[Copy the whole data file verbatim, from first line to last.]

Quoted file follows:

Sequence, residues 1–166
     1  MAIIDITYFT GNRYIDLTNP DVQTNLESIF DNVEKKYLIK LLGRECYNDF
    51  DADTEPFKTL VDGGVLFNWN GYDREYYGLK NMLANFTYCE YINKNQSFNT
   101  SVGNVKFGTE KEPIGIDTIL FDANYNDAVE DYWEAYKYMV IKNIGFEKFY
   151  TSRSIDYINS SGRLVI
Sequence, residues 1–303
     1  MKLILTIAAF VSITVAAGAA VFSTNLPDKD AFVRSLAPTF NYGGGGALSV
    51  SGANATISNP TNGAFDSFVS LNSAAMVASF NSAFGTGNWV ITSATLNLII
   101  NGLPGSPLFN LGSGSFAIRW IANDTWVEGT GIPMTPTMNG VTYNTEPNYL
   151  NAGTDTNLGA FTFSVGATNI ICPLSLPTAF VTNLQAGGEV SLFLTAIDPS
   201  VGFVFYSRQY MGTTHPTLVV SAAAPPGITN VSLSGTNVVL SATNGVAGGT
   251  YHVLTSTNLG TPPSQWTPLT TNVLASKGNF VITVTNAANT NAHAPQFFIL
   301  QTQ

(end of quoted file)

Sequence, residues 1–166
     1  MAIIDITYFT GNRYIDLTNP DVQTNLESIF DNVEKKYLIK LLGRECYNDF
    51  DADTEPFKTL VDGGVLFNWN GYDREYYGLK NMLANFTYCE YINKNQSFNT
   101  SVGNVKFGTE KEPIGIDTIL FDANYNDAVE DYWEAYKYMV IKNIGFEKFY
   151  TSRSIDYINS SGRLVI
Sequence, residues 1–303
     1  MKLILTIAAF VSITVAAGAA VFSTNLPDKD AFVRSLAPTF NYGGGGALSV
    51  SGANATISNP TNGAFDSFVS LNSAAMVASF NSAFGTGNWV ITSATLNLII
   101  NGLPGSPLFN LGSGSFAIRW IANDTWVEGT GIPMTPTMNG VTYNTEPNYL
   151  NAGTDTNLGA FTFSVGATNI ICPLSLPTAF VTNLQAGGEV SLFLTAIDPS
   201  VGFVFYSRQY MGTTHPTLVV SAAAPPGITN VSLSGTNVVL SATNGVAGGT
   251  YHVLTSTNLG TPPSQWTPLT TNVLASKGNF VITVTNAANT NAHAPQFFIL
   301  QTQ